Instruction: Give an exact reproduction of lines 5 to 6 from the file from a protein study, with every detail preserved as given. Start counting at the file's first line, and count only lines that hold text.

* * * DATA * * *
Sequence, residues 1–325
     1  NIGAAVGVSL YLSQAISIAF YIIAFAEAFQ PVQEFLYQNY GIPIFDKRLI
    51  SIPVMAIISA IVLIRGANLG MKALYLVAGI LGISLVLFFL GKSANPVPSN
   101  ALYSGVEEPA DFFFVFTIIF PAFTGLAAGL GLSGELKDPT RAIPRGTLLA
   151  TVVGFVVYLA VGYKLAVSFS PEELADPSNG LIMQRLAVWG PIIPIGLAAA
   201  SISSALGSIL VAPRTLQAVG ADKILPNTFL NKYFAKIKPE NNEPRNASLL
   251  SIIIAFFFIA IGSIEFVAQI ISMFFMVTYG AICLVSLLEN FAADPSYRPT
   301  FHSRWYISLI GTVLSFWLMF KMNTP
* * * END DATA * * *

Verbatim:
   151  TVVGFVVYLA VGYKLAVSFS PEELADPSNG LIMQRLAVWG PIIPIGLAAA
   201  SISSALGSIL VAPRTLQAVG ADKILPNTFL NKYFAKIKPE NNEPRNASLL